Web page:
Germanium-enriched channel waveguides are formed by a combination of photolithographic patterns and reactive ion etching. Amorphous silicon is used as the mask material for etching the germanium-enriched silica glass into channels. Channels with vertical and smooth sidewalls are obtained by selection of suitable etching conditions. The channel waveguides are then covered with porous silica soot and then consolidated, to form the upper and surrounding cladding.
The germania concentration of the waveguide channel need to be 10 mol % or more in order to form Bragg gratings in the channel. The dopant level determines the number of defect sites in the material, where more defect sites increase the photosensitivity to UV radiation and hence the refractive index. Germania dopant levels up to 20% are possible.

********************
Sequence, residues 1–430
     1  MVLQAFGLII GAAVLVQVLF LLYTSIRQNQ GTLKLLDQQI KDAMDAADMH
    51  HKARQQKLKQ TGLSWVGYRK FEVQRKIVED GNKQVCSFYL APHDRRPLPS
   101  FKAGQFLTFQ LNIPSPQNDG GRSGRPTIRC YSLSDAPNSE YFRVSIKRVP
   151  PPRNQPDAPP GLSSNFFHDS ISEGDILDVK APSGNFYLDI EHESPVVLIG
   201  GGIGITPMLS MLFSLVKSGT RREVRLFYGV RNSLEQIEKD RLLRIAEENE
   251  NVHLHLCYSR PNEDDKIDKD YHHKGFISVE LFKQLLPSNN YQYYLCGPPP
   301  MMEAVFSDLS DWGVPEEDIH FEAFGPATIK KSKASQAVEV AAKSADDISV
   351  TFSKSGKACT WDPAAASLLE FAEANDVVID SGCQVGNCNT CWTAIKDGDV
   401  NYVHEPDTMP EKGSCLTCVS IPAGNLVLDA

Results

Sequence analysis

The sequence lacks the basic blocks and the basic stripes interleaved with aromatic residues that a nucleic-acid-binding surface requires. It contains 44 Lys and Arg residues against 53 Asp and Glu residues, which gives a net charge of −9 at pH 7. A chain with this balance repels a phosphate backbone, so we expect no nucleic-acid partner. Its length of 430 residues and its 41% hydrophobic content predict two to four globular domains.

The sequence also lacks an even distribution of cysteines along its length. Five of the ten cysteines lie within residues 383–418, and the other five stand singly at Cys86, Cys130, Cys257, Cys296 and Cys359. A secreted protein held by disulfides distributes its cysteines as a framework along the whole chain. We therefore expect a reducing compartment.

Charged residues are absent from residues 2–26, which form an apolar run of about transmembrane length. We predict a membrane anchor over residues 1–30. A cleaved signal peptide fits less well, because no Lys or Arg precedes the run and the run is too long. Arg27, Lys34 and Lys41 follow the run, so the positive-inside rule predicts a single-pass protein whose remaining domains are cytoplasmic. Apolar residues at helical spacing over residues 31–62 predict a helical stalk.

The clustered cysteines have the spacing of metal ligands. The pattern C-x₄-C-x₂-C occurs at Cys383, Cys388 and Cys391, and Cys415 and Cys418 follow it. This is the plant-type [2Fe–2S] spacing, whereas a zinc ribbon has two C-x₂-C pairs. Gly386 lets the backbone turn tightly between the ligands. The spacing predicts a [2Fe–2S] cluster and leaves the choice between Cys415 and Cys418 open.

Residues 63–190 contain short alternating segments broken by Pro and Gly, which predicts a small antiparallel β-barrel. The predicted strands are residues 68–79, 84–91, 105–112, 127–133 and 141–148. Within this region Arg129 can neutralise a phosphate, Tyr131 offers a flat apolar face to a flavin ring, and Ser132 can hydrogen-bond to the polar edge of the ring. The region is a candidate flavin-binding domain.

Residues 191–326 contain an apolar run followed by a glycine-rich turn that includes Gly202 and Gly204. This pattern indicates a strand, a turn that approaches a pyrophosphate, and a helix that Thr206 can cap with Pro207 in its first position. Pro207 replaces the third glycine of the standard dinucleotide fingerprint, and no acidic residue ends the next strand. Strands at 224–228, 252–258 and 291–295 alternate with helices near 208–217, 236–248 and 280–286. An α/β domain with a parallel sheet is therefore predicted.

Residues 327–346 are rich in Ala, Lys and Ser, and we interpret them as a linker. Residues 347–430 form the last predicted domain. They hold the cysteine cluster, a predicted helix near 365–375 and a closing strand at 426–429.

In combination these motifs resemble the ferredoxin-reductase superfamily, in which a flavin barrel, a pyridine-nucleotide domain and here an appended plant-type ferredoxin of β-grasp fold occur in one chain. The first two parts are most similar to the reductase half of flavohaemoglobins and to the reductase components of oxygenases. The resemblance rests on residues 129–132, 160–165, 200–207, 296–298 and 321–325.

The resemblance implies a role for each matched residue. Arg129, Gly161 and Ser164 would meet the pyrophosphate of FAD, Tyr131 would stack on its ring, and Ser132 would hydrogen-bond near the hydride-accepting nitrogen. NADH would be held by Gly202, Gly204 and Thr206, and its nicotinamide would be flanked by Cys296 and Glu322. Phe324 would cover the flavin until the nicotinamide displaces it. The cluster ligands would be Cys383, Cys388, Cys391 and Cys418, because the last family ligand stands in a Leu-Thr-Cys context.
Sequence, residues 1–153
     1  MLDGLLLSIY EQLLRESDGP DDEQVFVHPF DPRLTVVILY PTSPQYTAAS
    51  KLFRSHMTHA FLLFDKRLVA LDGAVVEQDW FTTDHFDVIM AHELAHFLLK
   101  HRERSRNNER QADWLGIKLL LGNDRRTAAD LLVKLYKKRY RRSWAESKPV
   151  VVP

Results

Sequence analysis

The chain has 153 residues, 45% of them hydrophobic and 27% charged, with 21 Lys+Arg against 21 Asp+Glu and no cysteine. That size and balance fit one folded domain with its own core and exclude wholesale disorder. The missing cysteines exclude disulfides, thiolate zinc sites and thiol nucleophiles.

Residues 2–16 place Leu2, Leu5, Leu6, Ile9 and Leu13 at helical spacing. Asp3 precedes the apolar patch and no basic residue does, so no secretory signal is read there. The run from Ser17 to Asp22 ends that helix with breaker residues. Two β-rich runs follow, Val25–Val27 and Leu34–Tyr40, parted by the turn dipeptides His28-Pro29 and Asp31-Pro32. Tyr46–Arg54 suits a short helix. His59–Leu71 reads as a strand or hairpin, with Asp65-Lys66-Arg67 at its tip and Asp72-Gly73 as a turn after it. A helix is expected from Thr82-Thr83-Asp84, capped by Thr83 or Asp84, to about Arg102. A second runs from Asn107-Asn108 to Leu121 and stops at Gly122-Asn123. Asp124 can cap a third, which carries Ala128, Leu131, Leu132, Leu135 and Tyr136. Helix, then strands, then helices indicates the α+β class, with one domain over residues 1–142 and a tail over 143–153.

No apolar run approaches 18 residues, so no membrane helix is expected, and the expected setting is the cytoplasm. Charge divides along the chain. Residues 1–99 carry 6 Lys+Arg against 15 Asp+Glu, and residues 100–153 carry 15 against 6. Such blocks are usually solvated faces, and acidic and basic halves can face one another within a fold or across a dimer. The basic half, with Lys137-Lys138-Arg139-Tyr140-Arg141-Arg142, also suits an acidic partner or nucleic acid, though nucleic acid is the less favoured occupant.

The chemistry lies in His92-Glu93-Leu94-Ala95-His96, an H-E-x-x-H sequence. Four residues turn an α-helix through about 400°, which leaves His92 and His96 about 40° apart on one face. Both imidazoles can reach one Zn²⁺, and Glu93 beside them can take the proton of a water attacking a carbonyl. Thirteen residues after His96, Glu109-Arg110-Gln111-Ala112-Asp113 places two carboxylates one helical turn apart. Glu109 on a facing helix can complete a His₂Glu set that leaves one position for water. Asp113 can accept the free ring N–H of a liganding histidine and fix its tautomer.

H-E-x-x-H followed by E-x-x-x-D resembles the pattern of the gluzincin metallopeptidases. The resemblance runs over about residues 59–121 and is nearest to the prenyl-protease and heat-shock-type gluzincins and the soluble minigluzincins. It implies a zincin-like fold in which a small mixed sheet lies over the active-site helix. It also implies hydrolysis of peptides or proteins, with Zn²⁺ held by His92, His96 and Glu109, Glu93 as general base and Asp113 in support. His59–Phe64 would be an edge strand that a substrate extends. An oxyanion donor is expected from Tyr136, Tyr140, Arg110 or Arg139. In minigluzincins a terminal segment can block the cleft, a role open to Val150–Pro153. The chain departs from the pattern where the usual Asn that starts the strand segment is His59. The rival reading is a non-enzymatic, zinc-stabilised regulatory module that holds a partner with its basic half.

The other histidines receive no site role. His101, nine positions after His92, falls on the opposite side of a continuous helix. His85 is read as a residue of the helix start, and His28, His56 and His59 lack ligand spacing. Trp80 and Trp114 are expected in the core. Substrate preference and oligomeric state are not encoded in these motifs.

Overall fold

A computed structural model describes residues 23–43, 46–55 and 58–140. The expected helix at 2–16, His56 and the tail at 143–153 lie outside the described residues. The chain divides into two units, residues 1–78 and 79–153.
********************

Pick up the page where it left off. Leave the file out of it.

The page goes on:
The inset of FIG. 1 shows some details of a planar waveguide channel geometry. The ultraviolet light-induced Bragg grating 20 is positioned at the waveguide channel reflection junction 21 where input channel 14 meets output channel 22. In the inset the normal 62 to grating 20 is inclined at an angle β with respect to a line 64 parallel to the axis of waveguide channel 14. Light 26 at wavelength λ1 is reflected by Bragg grating 20 into channel 22 inclined at an angle 58 of 2β. The wavelength reflected depends upon the grating period. The length 66 of Bragg grating 20 is indicate by L. Light 56 at the remaining wavelengths is transported by waveguide channel 28 to grating 30 where light 36 at wavelength λ2 is reflected into planar waveguide channel 32 and then into fiber 34. Light at the remaining wavelengths is transported by channel 29 to the other Bragg gratings where a similar process split light at wavelengths λ3 to λN-1 into separate channels and output fibers, and is indicated by the pair of three dots 38 and 40. Waveguide channel 42 transports light 50 at the final wavelength λN, which is reflected by Bragg grating 44 into waveguide channel 46 and then into fiber 48 to the final optical detector or for further processing. Any residual light 56, not completely reflected by the Bragg gratings, is transported by waveguide channel 52 to fiber 54 to an optical detector or to a spectrometer for examining the residual light.